From here he goes on to financial regulation. Because in Keynes’ theory, future required investment is too uncertain to always match future savings, and therefore, it is not assured that production will be here when it is needed. This creates a built in instability in a market economy: investment and savings are not always equal, because it is planned, not present savings, that finances planned, not present, investing, but any project requires planned investment. The swings above and below this point of equality, are enough to create permanent instability. Government then steps in, and makes sure that savings is stable enough, by, for example, having a public pension system, and that planned investment will be relatively constant, by, for example, borrowing when investors are panicking and banks are not lending. The last decade, again, attempted to end run this, by creating investments which were safer than safe, out of loans that were too risky to make.
Think on this the next time a radical libertarian pretends to have some deep connection to reality that liberals lack.
Prof. Davidson is not expansive in his explanations, he neither he spares complication, nor does he shy away from making proposals which will shock the conscience of a freshwater economic thinker. The average reader is going to have to pick up the book, read, set it down, and think. Because Davidson is thinking more like an economist than most economists. Instead of arguing that because we have not had a great depression, all is well, he argues that we have to compare what we have, to what we could have. Yes, the Great Recession is not the Great Depression, but it is far less than a path to global prosperity and development. This, in the jargon of the field, is known as the opportunity cost, and the opportunity cost of current policies figures prominently in Davidson’s description of how deficit spending works.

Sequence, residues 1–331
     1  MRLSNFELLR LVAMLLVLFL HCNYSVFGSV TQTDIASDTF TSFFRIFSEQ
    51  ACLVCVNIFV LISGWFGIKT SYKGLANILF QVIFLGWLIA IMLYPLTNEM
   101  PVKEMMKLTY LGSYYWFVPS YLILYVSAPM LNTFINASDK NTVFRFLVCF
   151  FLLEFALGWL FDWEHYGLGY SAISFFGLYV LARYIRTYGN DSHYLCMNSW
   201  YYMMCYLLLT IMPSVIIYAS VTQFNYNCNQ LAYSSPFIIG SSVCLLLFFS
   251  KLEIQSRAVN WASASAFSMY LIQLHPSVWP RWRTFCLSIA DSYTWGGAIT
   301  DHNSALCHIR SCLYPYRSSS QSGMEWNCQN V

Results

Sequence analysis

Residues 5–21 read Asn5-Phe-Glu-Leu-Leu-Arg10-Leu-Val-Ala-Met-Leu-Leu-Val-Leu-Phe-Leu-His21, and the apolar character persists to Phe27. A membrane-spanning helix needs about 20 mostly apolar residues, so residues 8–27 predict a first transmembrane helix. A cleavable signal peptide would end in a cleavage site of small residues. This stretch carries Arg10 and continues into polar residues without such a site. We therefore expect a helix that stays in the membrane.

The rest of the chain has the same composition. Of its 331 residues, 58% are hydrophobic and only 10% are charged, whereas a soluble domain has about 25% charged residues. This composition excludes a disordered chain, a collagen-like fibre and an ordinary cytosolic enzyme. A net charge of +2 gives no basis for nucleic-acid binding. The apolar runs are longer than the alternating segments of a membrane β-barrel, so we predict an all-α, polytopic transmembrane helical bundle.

Can these ideas work? They have more actual rigor than those being proposed, a longer track record of success, and empirically better results. They also mean a radical reduction in the demand for private jets, and governments that no longer act as if their job is to sell financial policies to the public in return for campaign contributions. Can these ideas be implemented? They are in fact simpler and more streamlined than the ones being pursued. One could drop the entire book in the current version of the health care bill, and only raise a medium sized ripple. Can these ideas be understood? We clearly didn’t understand Guassian copulas and structured finance. Are these ideas good politics? Better politics than high unemployment, flagging industrial production, and a world unable to raise capital for vital projects.
While policy makers present are busy ignoring the contents of this book, policy makers future would be wise to read every word of it, and agree or disagree, understand the thrust of the argument: that ultimately that demand drives policy and politics. This lesson was forgotten in the 1930’s, to the world’s peril. Once the system could not supply the aspirations of a wide swathe of people, they turned to totalitarian states. As Keynes argued then, there was a precedent for what was happening in his day and age, it was called “The Dark Ages.”